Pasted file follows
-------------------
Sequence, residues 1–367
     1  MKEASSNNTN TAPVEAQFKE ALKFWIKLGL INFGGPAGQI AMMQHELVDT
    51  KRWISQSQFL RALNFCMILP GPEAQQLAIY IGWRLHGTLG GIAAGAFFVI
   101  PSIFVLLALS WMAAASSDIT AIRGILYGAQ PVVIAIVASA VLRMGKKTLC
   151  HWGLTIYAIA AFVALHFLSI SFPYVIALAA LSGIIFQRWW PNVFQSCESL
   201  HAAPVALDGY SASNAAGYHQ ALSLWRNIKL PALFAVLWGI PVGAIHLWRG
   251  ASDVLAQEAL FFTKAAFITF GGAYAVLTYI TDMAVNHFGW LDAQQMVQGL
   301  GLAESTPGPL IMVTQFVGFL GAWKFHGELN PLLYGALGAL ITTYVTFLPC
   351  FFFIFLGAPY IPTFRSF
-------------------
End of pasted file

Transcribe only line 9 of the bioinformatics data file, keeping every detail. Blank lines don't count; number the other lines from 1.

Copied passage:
   351  FFFIFLGAPY IPTFRSF